The second significant release in Canada was October’s manufacturing shipments. The details here were not pretty either. While the sector managed to avoid duplicating the dramatic 3.2% drop observed in September, shipments slipped by a further 0.1% – marking the third consecutive month of declines. Although new and unfilled orders picked up a touch, signaling a slightly less pessimistic view of the future, they too are coming off of significant declines in recent months. Suffice to say, Canadian manufacturers will continue to face a tough road ahead before feeling the boost from an expected pick-up in the U.S. economy in the second half of 2007.
Canadian productivity puzzle
We also learned this week that labour productivity in Canada fell by an annualized 0.3% in the third quarter, which was a much weaker outcome than we had expected. This marks the second consecutive quarterly decline, reinforcing the gradual deceleration in productivity observed over the last year. The surprise lay in the reported 2.4% increase in hours worked which was entirely at odds with the 0.6% quarterly decline reported in the Labour Force Survey (LFS) (Recall that labour productivity is the ratio of output to hours worked). While there are some methodological differences between the two measures (i.e. for the purposes of calculating productivity only the business sector is included while the LFS is an economy-wide measure), the sheer magnitude of the difference is suspicious and its effect is not trivial. As we noted in our recent report “A Primer on Potential Output” (available at http://www.td.com/economics/special/dt1106_potential.pdf), the growth of labour productivity not only has implications for our standard of living, but also for the conduct of monetary policy. A lower level of labour productivity implies that Canada’s potential growth rate may also be lower. If so, less economic slack will build during the near-term sub-par performance in the economy with the implication that the Bank of Canada would be less likely to lower interest rates in the face of slowing economic growth. On the other hand, given that the productivity data has been the source of major revisions in the past, it will be interesting to see if the fall in Q3 productivity is one day revised away. Thanks to this article from R. Paul Chadwick TD Canada Trust.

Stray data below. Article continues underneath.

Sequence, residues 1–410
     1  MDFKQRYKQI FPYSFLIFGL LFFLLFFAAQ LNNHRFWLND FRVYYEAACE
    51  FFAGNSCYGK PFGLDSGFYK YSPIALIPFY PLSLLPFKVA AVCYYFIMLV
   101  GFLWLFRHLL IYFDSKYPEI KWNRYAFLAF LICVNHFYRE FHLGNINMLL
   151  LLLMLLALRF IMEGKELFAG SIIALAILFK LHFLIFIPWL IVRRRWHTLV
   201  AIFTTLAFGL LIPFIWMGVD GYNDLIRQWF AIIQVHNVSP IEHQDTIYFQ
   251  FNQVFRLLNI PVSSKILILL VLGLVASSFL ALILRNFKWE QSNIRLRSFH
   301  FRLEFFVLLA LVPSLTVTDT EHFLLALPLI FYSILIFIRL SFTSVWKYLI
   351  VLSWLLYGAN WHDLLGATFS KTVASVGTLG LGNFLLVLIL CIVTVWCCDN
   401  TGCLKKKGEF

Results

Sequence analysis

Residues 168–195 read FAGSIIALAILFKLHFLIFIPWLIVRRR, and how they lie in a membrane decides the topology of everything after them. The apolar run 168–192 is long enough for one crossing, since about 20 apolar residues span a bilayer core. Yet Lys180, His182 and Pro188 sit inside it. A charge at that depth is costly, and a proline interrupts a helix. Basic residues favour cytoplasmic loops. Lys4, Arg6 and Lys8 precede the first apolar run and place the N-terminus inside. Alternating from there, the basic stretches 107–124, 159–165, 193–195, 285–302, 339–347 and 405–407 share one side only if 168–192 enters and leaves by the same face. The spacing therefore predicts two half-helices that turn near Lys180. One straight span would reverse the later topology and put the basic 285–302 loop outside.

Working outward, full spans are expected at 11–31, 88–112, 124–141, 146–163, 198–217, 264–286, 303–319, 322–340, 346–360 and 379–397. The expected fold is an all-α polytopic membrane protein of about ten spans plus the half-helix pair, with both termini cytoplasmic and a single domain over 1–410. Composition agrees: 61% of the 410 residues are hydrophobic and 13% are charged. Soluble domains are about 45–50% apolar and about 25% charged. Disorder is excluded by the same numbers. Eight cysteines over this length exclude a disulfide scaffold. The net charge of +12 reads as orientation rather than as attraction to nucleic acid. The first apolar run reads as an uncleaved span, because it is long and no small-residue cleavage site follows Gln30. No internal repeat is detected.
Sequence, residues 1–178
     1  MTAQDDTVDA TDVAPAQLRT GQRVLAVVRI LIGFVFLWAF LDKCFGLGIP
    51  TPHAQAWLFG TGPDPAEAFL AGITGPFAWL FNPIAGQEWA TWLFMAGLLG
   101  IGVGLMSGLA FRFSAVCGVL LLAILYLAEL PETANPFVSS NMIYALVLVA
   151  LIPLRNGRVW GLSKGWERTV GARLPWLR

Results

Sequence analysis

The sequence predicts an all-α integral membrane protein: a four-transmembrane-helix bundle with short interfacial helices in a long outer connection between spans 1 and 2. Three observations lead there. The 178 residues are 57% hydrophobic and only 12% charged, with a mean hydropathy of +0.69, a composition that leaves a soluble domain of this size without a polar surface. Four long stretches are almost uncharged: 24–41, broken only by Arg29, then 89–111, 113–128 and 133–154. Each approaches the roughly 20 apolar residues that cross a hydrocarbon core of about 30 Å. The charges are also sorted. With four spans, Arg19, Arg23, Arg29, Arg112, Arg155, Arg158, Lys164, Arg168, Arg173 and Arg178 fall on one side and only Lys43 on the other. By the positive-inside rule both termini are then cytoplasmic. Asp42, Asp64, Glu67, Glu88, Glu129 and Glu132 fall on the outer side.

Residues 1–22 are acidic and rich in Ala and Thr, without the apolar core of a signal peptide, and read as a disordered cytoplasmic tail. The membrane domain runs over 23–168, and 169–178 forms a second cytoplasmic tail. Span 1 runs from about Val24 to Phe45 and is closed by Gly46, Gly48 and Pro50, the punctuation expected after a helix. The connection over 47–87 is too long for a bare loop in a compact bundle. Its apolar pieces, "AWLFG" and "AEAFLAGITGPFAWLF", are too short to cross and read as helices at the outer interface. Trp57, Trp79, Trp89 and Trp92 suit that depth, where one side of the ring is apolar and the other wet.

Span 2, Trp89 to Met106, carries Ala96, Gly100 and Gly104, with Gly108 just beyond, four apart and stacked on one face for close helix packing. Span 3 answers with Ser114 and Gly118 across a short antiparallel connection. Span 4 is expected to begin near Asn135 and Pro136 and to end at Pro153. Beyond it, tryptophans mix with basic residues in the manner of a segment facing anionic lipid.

For more information please contact A. Mark Argentino
A. Mark Argentino Broker, P.Eng.,
Specializing in Residential & Investment Real Estate
RE/MAX Realty Specialists Inc.
2691 Credit Valley Road, Suite 101, Mississauga, Ontario L5M 7A1